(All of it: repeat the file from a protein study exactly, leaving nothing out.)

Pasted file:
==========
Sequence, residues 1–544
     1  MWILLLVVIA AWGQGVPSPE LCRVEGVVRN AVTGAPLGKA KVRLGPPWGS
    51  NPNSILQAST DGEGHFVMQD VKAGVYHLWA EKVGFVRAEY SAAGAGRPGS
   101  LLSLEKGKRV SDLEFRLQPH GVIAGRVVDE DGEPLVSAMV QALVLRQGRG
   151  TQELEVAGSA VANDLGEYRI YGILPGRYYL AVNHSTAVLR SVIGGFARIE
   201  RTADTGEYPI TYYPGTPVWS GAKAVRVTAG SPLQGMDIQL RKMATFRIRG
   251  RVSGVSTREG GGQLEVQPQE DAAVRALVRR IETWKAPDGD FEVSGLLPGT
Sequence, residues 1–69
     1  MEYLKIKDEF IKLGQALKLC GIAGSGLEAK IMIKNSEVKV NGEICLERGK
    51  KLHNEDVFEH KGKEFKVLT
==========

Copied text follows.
Sequence, residues 1–544
     1  MWILLLVVIA AWGQGVPSPE LCRVEGVVRN AVTGAPLGKA KVRLGPPWGS
    51  NPNSILQAST DGEGHFVMQD VKAGVYHLWA EKVGFVRAEY SAAGAGRPGS
   101  LLSLEKGKRV SDLEFRLQPH GVIAGRVVDE DGEPLVSAMV QALVLRQGRG
   151  TQELEVAGSA VANDLGEYRI YGILPGRYYL AVNHSTAVLR SVIGGFARIE
   201  RTADTGEYPI TYYPGTPVWS GAKAVRVTAG SPLQGMDIQL RKMATFRIRG
   251  RVSGVSTREG GGQLEVQPQE DAAVRALVRR IETWKAPDGD FEVSGLLPGT
Sequence, residues 1–69
     1  MEYLKIKDEF IKLGQALKLC GIAGSGLEAK IMIKNSEVKV NGEICLERGK
    51  KLHNEDVFEH KGKEFKVLT